As a sophomore in college, I tore my UCL for the fourth time and was informed by my physician that my baseball career was over.  After coming to grips with my situation, I began to investigate why my career had been cut short and if there was something that I could have done differently to prevent this from happening in the first place.


My curiosity led to my acceptance into the University of Missouri’s Doctor of Physical Therapy program.  While at Mizzou, I became a Certified Strength & Conditioning Specialist through the National Strength & Conditioning Association and accepted an internship with the MU Human Performance Institute.  While working my way into an Assistant Trainer position, I was fortunate to get to work with athletes ranging from grade school aged to the professional realm.  In addition to coaching athletes, I had the opportunity to train individuals with various medical histories, such as COPD, cancer, diabetes, cerebral palsy and many more.



During my final clinical rotation at Mizzou I traveled to EXOS at the Andrews Institute in Gulf Breeze, FL where I was introduced to the Selective Functional Movement Assessment and learned how to bridge the gap between rehabilitation and performance.  Following graduation, I spent the next two years with EXOS treating athletes from the NFL, MLB, and UFC in addition to rehabilitating our special forces military.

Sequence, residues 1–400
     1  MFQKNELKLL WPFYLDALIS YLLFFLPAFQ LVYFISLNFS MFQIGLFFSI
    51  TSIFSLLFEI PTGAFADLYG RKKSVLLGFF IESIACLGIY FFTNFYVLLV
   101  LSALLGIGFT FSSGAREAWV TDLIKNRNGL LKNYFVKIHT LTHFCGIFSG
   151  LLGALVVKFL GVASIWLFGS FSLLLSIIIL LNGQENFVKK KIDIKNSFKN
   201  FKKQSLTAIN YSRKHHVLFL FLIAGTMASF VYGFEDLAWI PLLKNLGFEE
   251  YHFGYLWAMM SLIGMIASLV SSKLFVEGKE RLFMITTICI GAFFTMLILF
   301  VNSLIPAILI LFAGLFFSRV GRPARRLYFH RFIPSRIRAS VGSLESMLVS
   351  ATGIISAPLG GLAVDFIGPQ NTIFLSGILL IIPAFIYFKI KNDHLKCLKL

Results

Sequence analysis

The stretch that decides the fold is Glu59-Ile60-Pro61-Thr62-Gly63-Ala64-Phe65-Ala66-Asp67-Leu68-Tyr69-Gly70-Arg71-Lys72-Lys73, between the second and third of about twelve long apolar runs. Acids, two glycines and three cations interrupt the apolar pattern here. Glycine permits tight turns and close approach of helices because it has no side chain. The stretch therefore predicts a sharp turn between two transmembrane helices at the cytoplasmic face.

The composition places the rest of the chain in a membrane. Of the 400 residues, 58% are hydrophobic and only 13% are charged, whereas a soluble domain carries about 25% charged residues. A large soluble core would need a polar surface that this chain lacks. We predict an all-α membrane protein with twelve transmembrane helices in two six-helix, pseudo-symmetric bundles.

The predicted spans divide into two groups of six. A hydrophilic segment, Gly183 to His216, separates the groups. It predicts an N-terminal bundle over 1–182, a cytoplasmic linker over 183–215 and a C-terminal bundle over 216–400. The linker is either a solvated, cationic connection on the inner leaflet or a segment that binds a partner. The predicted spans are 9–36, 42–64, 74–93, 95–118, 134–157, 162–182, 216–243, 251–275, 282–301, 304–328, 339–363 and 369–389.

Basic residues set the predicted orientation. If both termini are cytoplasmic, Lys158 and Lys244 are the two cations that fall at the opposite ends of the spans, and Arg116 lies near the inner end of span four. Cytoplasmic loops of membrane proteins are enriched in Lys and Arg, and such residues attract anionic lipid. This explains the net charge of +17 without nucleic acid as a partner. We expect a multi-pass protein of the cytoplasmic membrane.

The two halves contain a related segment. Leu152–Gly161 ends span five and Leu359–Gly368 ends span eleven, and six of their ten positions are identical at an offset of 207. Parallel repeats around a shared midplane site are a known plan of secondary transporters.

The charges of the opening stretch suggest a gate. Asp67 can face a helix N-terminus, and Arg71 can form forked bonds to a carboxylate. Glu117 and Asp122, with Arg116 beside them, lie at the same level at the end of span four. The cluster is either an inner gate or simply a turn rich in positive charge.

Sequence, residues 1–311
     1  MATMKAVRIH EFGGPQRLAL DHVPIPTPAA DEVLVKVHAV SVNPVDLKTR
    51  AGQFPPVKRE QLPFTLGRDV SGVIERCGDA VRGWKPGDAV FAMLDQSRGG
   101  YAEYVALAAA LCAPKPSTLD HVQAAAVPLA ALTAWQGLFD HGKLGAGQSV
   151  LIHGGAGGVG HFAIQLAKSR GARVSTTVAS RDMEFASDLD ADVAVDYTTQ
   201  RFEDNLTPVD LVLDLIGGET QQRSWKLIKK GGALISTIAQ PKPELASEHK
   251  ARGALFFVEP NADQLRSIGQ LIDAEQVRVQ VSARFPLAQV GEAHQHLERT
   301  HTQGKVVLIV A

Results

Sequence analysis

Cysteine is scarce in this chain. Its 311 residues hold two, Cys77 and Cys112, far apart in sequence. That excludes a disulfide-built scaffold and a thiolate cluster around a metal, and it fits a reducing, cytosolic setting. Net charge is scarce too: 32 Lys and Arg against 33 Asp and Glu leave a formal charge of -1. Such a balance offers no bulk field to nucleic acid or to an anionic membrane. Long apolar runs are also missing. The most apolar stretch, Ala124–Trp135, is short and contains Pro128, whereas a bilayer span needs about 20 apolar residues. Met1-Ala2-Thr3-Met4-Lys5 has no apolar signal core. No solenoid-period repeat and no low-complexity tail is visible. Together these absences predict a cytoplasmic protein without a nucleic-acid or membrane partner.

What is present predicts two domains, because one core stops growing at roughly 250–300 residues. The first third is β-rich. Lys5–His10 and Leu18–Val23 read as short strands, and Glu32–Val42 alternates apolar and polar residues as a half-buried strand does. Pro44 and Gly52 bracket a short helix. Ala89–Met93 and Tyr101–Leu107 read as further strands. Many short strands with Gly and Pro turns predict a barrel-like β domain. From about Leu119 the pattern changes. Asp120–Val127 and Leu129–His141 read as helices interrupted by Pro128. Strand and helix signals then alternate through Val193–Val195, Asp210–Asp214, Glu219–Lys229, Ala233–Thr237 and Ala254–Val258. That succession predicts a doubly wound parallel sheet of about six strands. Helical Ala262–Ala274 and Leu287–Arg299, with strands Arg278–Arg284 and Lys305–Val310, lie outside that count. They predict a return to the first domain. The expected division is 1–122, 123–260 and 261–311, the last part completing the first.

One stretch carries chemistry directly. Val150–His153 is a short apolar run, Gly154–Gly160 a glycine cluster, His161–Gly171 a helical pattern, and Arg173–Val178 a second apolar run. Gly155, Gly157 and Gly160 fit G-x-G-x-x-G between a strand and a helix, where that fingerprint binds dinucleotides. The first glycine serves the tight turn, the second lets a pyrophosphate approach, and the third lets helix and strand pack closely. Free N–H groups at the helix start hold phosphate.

Currently, I work as a Physical Therapist in Columbia, MO where I continue to collaborate with performance coaches and integrate numerous technologies into the rehabilitation process in order to deliver the best possible care.


I believe my past professional experiences have given me a unique ability to take a movement-based approach to physical therapy in order to help my athletes traverse the return-to-play continuum from the treatment table to playing field.


The goal of this blog is to help physical therapy students and practicing clinicians alike to bridge the gap between rehabilitation and performance in an effort to optimize performance and mitigate the risk of injury in athletes of all backgrounds.

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